The paper reviews advances and insights relevant to comparing groups when the sample sizes are small. There are conditions under which conventional, routinely used techniques are satisfactory. But major insights regarding outliers, skewed distributions, and unequal variances (heteroscedasticity) make it clear that under general conditions they provide poor control over the type I error probability and can have relatively poor power. In practical terms, important differences among groups can be missed and poorly characterized. Many new and improved methods have been derived that are aimed at dealing with the shortcomings of classic methods. To provide a conceptual basis for understanding the practical importance of modern methods, the paper reviews some modern insights related to why methods based on means can perform poorly. Then some strategies for dealing with nonnormal distributions and unequal variances are described. For brevity, the focus is on comparing 2 independent groups or 2 dependent groups based on the usual difference scores. The paper concludes with comments on issues to consider when choosing from among the methods reviewed in the paper.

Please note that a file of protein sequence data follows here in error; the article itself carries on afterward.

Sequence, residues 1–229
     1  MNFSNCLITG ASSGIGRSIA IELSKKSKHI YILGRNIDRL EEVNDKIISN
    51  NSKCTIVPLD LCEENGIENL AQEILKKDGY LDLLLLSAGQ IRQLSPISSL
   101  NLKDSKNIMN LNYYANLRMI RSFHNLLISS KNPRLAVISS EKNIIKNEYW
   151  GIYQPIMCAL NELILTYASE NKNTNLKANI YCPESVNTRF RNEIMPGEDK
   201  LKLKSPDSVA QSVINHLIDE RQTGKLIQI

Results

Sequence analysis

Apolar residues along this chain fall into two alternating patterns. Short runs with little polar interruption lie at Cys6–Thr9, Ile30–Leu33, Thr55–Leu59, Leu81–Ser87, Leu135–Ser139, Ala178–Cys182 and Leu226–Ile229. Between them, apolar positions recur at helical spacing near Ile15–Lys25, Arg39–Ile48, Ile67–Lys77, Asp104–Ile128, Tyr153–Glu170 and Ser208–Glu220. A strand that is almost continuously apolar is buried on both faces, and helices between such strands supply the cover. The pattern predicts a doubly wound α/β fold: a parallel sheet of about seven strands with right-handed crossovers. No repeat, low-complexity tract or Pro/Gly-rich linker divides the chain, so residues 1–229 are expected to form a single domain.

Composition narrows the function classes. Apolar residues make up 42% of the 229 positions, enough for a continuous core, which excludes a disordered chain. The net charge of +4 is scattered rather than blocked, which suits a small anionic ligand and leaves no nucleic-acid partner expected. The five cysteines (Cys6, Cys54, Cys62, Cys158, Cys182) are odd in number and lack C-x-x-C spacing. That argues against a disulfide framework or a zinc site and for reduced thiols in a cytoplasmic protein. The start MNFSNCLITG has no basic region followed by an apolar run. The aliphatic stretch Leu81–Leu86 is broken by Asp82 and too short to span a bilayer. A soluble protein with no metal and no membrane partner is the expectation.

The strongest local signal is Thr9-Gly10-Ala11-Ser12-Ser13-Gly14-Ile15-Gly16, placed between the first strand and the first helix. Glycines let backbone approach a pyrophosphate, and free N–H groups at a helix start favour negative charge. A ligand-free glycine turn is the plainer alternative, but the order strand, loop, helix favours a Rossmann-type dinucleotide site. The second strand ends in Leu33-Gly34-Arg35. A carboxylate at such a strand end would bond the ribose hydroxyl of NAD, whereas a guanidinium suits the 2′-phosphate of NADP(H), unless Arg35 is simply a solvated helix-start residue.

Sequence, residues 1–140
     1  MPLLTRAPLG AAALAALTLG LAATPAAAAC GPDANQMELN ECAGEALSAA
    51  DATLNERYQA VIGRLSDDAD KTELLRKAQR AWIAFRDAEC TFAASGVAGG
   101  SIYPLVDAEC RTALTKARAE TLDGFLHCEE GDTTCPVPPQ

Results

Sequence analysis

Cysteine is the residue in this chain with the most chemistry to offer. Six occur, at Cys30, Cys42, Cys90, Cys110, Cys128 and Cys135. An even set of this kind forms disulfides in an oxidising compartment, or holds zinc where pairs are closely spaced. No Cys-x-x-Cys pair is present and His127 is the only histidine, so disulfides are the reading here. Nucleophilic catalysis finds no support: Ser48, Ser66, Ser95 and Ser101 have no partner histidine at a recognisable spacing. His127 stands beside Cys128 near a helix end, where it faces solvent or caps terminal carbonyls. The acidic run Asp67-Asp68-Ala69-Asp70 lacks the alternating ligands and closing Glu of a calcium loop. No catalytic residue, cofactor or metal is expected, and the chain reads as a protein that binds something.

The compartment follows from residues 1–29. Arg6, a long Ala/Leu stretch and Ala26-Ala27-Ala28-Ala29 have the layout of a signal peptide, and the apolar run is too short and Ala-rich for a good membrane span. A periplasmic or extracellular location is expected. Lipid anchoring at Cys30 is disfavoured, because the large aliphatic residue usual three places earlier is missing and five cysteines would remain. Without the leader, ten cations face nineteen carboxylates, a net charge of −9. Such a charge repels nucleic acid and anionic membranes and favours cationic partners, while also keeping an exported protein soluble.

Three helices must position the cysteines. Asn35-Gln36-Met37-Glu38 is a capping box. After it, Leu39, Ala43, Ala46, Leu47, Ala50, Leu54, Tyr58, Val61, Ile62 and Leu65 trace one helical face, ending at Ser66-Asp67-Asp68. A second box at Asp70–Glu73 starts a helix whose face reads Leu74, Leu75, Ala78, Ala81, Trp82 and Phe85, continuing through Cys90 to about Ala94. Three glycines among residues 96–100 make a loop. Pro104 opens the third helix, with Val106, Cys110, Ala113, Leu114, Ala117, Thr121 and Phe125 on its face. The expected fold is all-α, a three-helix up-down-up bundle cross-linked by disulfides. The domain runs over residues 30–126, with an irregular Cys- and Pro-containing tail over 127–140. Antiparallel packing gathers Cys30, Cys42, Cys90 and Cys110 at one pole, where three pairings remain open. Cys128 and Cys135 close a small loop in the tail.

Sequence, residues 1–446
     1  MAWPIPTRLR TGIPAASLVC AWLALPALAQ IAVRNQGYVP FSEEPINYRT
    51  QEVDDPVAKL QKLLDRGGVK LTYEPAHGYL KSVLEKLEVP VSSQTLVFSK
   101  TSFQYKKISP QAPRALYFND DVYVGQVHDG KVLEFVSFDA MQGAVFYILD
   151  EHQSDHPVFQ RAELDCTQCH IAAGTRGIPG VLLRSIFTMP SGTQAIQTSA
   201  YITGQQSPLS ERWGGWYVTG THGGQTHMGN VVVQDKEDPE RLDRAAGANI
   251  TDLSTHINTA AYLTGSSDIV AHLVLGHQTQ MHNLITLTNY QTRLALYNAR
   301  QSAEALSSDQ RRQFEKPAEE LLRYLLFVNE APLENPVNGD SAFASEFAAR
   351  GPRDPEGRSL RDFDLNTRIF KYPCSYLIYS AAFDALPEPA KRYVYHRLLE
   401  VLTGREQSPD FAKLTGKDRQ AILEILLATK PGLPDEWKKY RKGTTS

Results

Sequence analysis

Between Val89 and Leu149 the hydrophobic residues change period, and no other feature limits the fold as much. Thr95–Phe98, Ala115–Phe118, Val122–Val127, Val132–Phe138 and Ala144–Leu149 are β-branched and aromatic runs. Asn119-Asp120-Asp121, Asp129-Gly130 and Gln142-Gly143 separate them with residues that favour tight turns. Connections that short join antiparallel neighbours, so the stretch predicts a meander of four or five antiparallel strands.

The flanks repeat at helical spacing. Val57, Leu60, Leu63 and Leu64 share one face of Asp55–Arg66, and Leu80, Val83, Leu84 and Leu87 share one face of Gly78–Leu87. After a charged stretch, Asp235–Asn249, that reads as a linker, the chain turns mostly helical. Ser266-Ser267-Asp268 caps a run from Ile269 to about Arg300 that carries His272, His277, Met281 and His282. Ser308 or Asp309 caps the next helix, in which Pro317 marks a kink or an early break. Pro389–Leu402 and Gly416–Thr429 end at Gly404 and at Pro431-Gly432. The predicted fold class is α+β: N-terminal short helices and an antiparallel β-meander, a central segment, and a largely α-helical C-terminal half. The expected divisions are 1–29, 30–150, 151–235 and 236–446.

Wilcox is with the Department of Psychology, University of Southern California, Los Angeles, CA, USA. Peterson is with the Department of Exercise Science, California Lutheran University, Thousand Oaks, CA, USA. McNitt-Gray is with the Department of Biomedical Engineering, University of Southern California, Los Angeles, CA, USA. McNitt-Gray is also with the Department of Biological Sciences, University of Southern California, Los Angeles, CA, USA.